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O'Week 2019

Harry from Bowral, Studying Medicine

Harry from Bowral, Studying Medicine

The community in college is built around groups... It’s really good, because you get this tight knit group of friends who you can always come back to, but then seeing how they interact with the wider college community, you get these really interesting dynamics of different personalities of each group.

             Harry from Bowral, Studying Medicine

Harry's Experience:

My name is Harry, I’m a fourth-year Medicine student at UNSW. This is my third year at college. I used to live over near the University of Sydney. I grew up in Bowral and went to school in Sydney.

I spent my first year living in Glebe, near the University of Sydney, which was because I expected to end up there. I didn’t expect to get into Medicine at UNSW, and all of my other preferences were for USyd, so my accommodation choice which happened before university acceptances reflected that. I enjoyed where I lived, but there were a few things - the distance and having to travel each day was annoying and takes a lot of time, and having to cook your own meals, again takes a lot of time out of your day.

In coming to college, that freed up a lot of my time to do things that I enjoyed, and also my academics got a lot better having moved into building that has a bit more of an academic focus than where I was before. My marks improved quite a bit.

When I applied, I got an offer for an interview quite quickly, I guess. Me and my mum came, and had a chat with the Master, which was quite enjoyable actually. It was fairly laid back and I felt like they made an effort to get to know you and what you were about, how you might fit into the college environment and there were lots of different kinds of people here. And then we came up and had a tour, walked around the courtyard. College is kind of built around this central area where people often come in and congregate, and that was cool to see it as a community space...

It’s quite hectic when you show up for day one of O’Week. There’s lots of people milling around in strange coloured shirts, but it’s also really welcoming and there’s a ritual of signing your name in the book with your degree so there’s a record of everyone that’s lived in the building. The upper years are very helpful in setting people’s parents at ease and taking peoples bags up and introducing you to the place.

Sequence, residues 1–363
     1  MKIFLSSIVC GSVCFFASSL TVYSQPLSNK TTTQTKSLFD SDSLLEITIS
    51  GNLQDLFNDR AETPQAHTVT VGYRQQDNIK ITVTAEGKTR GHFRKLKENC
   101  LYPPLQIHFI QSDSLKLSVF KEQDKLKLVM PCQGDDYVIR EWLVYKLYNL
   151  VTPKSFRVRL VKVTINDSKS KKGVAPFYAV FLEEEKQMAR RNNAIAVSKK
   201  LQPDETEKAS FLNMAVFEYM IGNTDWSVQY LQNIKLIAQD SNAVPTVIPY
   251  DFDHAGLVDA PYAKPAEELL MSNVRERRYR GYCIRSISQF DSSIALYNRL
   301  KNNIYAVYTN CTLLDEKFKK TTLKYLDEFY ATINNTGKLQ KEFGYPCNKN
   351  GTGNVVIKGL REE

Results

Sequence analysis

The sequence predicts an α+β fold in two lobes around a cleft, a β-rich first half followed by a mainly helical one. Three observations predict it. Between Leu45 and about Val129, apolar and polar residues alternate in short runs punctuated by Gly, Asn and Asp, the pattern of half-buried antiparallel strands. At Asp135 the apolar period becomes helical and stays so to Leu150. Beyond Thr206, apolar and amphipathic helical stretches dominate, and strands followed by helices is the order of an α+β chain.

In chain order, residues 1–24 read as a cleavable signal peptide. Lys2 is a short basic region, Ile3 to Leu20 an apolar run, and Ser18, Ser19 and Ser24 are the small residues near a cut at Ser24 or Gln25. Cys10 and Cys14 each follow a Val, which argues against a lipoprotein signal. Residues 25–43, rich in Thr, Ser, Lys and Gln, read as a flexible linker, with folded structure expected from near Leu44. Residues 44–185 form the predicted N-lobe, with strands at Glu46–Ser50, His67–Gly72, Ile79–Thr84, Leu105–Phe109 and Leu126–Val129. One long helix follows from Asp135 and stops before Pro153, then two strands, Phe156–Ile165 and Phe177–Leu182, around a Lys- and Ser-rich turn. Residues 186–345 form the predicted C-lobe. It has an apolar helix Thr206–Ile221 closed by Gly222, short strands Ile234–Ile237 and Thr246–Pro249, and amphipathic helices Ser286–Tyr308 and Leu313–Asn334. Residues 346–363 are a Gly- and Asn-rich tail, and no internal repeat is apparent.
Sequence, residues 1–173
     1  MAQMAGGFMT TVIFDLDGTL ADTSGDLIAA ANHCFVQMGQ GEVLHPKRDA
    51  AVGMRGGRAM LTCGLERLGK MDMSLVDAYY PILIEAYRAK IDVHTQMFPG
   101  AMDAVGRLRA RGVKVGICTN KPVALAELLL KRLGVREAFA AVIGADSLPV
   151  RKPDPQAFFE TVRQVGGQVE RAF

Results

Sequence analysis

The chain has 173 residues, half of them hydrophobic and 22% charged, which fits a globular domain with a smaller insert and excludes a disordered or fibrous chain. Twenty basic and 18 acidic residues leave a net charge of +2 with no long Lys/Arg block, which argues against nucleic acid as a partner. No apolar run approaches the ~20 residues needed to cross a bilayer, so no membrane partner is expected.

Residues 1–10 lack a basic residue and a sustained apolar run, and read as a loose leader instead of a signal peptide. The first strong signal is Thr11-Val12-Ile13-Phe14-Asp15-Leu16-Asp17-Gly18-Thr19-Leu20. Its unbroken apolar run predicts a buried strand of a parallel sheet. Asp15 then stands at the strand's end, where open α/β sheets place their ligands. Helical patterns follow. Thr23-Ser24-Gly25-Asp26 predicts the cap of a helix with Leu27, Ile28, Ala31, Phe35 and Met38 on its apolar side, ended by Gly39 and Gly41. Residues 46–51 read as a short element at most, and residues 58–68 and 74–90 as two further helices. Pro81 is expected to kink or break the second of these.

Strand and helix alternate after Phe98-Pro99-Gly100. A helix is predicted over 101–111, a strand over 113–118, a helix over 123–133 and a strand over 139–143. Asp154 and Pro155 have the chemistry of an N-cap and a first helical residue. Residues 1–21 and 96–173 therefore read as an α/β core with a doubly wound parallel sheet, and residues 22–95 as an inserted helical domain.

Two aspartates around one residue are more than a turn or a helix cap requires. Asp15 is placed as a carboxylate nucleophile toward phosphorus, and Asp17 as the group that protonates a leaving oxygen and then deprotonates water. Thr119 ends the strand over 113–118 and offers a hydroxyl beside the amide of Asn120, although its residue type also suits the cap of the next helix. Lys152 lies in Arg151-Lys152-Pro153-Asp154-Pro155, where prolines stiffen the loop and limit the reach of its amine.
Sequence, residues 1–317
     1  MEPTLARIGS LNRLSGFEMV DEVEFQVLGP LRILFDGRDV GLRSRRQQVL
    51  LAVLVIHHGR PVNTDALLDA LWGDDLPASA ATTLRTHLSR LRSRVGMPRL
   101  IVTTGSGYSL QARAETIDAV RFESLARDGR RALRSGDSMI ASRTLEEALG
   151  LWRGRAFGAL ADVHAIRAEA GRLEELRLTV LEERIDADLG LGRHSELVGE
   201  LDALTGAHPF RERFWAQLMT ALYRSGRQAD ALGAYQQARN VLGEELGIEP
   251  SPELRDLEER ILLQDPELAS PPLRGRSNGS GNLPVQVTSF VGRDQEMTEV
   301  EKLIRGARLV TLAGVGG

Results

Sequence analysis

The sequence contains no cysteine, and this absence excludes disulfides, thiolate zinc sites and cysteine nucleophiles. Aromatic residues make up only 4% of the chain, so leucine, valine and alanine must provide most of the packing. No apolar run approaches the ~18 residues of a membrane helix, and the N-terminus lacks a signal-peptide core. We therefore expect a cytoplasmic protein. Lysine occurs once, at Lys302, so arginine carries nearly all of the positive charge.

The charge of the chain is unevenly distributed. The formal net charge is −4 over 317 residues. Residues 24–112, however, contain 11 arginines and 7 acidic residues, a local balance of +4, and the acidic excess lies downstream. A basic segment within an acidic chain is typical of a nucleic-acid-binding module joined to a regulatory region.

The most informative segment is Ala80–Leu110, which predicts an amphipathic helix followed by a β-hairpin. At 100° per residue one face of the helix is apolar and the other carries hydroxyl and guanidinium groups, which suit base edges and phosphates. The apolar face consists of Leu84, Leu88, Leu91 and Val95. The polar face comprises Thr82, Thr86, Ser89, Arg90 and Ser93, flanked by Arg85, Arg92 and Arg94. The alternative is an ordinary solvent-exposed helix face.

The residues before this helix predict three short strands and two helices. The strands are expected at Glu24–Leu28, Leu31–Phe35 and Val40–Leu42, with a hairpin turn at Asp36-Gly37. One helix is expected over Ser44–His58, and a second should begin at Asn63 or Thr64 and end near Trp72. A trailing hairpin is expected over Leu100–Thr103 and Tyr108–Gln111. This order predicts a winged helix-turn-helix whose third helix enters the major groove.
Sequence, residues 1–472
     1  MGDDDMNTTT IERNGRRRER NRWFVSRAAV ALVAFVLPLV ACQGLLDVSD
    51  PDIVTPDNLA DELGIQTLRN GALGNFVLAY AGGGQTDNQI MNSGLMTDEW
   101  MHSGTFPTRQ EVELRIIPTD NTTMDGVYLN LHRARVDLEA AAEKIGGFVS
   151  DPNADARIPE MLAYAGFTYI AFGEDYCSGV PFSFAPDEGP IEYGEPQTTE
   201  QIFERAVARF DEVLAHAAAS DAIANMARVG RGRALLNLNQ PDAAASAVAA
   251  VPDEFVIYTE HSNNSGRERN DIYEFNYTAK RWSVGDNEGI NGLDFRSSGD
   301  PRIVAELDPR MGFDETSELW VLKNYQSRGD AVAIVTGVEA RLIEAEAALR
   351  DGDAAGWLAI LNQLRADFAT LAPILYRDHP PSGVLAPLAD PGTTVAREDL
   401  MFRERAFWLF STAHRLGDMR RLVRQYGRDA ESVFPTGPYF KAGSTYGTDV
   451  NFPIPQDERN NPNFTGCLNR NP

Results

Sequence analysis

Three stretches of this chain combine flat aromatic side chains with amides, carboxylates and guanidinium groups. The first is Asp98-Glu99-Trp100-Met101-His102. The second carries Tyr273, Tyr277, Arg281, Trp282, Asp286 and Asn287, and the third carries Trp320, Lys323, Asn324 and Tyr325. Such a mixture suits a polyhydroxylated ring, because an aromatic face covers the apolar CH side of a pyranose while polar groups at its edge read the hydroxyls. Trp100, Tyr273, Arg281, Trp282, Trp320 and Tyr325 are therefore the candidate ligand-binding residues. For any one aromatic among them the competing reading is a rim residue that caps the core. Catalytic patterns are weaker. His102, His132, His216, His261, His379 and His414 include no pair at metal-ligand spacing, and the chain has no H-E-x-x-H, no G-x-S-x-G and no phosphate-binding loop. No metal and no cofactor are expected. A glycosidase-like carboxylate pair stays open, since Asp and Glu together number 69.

The community in college is built around groups, and they’re made up of different corridors… and then each of those groups will have their own common room, and they’ll do suppers and organise activities together. They’re overseen by an RA who is a senior student that is there to look out for people and make sure they’re doing well, kind of the first port of call if they’ve got any issues, academic or pastoral that need to be talked about. It’s really good, because you get this tight knit group of friends who you can always come back to, but then seeing how they interact with the wider college community, you get these really interesting dynamics of different personalities of each group.

When they put the groups together, they think about the kinds of personalities that are going to be in there, so you can get these really cool and unique groups of people, and it’s a highlight of returning students’ years to come in at the beginning of the year and see who the new freshers are going to be and the kinds of people they’re going to be hanging out with in the year.

RA stands for Resident Advisor, and we’re a group of older students that are given responsibility of half a floor in college, and we’re particularly looking out for freshers (first year students), but really just anyone. I’m quite impressed by what college has put together in terms of pastoral support, having lived in a few different contexts with schools and other accommodations. I think college is quite unique in that fact. Being an RA gives me an opportunity to be a part of that, and I’ve really enjoyed the experience.

There’s a huge variety of stuff that goes on in college. There are all kinds of people participating in all kinds of things, and it gives you the chance to explore things that you may not have done before. So we have sports of all different kinds, our dramatic productions, there’s band nights, board game nights, lots of parties that are run by our student association, there’s events done by the Christian fellowship. It’s really cool because you see the kinds of people that are really good at sport then some of those same people will be killing it on the stage… People are very keen on getting involved with the community.

I think I’m going to value the friendships from this building the most, moving forward. I’ve built some very close friendships I’ll expect will last a very long time. And there is quite a strong community of ex-collegians who I still see, and I’m excited to be a part of that as I am moving on next year.